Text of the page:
As you have probably heard, Congress failed to enact estate tax legislation in 2009. This failure to act has caused legislation passed in 2001 to culminate into a repeal of the estate and generation-skipping transfer taxes in 2010. The repeal is followed by a reinstatement of the estate and generation-skipping transfer taxes in 2011, with a reversion to the transfer tax rules in effect in 2001. We had hoped that Congress would act quickly this year to reform the estate tax so that we would be able to provide a clearer picture of the status of the estate tax at this time.
As of now, and until Congress passes estate tax legislation, the estate, generation-skipping transfer and gift tax rates and exemptions for 2010 and 2011 are as follows:
- There is no estate tax or generation-skipping transfer tax imposed on decedents dying in 2010. These taxes will return on January 1, 2011 with a rate of 55% (up from 45% in 2009), and an exemption of $1 million (indexed for inflation in the case of generation-skipping transfer taxes; this exemption amount is decreased from $3.5 million in 2009).
- For decedents dying in 2010, the income tax basis of assets will not be "stepped-up" to their fair market value at date of death. Rather, the decedent’s income tax basis will "carry over" to the persons who inherit the assets, subject to a $1.3 million step-up for heirs generally and a $3 million step-up for property left to a surviving spouse. On January 1, 2011, the stepped-up basis rules will return.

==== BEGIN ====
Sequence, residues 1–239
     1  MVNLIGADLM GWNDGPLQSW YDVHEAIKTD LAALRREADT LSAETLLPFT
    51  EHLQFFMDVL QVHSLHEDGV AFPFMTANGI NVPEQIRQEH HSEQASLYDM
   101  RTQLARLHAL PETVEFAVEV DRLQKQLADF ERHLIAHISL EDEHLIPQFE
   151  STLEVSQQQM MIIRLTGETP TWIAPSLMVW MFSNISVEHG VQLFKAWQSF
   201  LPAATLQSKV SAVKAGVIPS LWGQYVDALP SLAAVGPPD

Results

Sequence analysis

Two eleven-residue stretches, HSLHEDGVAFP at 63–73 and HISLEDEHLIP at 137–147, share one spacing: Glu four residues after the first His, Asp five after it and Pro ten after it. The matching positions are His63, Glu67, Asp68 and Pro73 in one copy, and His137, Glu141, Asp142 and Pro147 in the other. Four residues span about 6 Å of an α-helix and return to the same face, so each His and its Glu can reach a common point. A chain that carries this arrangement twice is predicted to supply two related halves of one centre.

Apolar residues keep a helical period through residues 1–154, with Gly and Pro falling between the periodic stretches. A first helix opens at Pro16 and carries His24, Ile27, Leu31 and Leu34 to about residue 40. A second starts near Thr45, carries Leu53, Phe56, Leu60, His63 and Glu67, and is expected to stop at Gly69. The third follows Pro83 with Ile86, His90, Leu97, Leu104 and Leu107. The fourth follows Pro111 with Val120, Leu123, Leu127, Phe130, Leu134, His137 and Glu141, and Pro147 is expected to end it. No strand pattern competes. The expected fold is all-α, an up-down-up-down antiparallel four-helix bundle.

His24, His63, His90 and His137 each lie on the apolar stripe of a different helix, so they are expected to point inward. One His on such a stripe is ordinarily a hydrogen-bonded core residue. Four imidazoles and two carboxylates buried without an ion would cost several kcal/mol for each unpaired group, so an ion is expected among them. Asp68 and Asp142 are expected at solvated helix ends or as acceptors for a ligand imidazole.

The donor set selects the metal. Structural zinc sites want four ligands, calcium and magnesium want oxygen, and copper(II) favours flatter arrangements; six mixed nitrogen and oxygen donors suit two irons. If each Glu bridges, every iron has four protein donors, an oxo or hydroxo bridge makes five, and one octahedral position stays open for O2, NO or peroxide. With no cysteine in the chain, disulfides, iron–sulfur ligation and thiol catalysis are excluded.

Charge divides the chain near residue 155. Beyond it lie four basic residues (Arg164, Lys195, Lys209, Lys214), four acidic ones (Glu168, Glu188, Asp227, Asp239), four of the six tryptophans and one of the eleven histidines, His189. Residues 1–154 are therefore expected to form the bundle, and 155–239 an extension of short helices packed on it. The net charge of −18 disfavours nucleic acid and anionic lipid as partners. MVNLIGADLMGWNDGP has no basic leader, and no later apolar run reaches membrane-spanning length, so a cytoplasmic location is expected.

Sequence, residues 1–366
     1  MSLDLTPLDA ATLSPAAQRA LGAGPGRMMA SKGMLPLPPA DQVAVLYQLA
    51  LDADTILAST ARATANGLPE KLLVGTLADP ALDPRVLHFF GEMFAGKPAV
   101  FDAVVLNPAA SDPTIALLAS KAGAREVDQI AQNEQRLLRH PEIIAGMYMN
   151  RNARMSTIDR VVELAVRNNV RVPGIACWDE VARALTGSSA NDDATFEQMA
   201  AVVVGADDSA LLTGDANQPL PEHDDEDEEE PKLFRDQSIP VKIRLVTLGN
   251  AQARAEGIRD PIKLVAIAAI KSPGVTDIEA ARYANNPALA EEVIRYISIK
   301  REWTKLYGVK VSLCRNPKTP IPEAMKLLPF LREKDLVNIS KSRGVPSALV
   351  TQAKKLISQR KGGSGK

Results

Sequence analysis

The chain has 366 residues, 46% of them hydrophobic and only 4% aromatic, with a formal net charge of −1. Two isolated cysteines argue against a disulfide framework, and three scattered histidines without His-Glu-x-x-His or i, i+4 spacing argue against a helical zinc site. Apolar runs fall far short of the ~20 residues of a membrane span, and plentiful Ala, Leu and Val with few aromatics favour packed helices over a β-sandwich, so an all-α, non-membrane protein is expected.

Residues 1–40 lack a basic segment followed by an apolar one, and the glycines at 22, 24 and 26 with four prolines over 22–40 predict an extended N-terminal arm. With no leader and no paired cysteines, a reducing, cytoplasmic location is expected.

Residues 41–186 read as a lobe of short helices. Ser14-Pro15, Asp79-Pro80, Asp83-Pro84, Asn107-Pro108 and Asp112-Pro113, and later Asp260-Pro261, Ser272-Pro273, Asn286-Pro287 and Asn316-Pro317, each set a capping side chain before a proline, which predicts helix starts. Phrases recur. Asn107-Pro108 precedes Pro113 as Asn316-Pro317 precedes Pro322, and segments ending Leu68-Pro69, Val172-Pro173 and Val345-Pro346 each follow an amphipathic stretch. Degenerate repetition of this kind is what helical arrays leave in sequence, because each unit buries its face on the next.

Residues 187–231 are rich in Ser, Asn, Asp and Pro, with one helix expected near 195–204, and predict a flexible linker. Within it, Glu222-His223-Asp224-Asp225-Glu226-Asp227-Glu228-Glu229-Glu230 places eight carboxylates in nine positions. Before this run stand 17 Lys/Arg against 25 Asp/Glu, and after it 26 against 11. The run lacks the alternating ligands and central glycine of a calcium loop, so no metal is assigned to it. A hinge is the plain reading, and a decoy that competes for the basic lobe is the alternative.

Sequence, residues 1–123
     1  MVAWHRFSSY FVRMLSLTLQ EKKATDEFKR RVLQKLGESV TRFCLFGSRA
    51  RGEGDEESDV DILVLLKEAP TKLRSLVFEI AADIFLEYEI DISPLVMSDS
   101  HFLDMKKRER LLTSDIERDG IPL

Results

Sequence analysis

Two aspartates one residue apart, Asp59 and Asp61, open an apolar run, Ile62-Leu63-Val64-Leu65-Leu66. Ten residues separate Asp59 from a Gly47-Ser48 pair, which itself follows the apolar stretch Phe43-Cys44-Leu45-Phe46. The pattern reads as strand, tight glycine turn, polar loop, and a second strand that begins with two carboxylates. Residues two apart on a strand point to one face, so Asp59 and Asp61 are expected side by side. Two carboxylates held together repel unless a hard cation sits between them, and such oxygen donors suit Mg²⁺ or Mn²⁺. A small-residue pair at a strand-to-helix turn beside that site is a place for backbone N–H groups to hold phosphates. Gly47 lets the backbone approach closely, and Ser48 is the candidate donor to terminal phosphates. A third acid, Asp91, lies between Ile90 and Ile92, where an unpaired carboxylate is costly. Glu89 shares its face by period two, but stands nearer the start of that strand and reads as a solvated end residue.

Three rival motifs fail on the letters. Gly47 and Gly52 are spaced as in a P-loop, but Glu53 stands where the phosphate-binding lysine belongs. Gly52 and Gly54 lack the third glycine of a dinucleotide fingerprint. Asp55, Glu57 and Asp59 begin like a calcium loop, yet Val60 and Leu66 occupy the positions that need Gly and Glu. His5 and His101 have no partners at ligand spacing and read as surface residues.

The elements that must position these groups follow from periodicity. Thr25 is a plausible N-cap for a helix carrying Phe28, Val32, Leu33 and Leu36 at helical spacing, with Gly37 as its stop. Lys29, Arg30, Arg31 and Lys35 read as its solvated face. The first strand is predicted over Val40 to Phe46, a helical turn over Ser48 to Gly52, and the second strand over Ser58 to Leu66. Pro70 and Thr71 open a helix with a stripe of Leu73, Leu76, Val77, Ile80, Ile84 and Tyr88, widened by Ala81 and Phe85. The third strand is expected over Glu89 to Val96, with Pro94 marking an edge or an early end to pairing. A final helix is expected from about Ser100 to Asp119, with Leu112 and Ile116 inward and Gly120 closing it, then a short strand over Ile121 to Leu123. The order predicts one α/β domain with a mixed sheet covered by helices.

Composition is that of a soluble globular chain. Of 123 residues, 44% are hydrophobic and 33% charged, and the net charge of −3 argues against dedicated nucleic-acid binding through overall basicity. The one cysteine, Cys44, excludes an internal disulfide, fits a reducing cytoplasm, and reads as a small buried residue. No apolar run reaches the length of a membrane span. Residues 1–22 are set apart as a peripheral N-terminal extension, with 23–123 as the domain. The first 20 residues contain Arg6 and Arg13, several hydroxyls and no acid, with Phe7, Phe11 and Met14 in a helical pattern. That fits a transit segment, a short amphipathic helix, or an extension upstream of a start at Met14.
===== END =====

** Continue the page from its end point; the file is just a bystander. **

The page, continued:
- The gift tax continues to exist in 2010, but the tax rate is 35% (down from 45% in 2009). The gift tax rate will increase to 55% in 2011. The lifetime exemption for gift tax is $1 million for 2010 and 2011, and the gift tax annual exclusion amount continues to be $13,000 per donee in 2010.
The inaction by Congress leaves taxpayers and their counsel with a great deal of uncertainty. Additionally, it could cause unintended results for the estate plan of someone who dies in 2010 if Congress does not enact estate tax legislation that is retroactive to January 1, 2010. Most revocable trusts use terminology from transfer tax rules, such as "unified credit amount" and "maximum marital deduction." If there is no estate tax, the provisions of the trust may read differently than what was originally intended. Additionally, special language may need to be added to utilize the special basis adjustments described above for the estate of someone dying in 2010.
If you would like to discuss how these changes impact your estate plan, please contact one of the attorneys in our Tax or Estate Planning & Probate departments.
IRS CIRCULAR 230 NOTICE: To ensure compliance with requirements imposed by the IRS, we inform you that any U.S. tax advice within this client alert is not intended or written to be used, and cannot be used, for the purpose of (i) avoiding penalties under the Internal Revenue Code or (ii) promoting, marketing or recommending to another party any transaction or matter addressed in a client alert.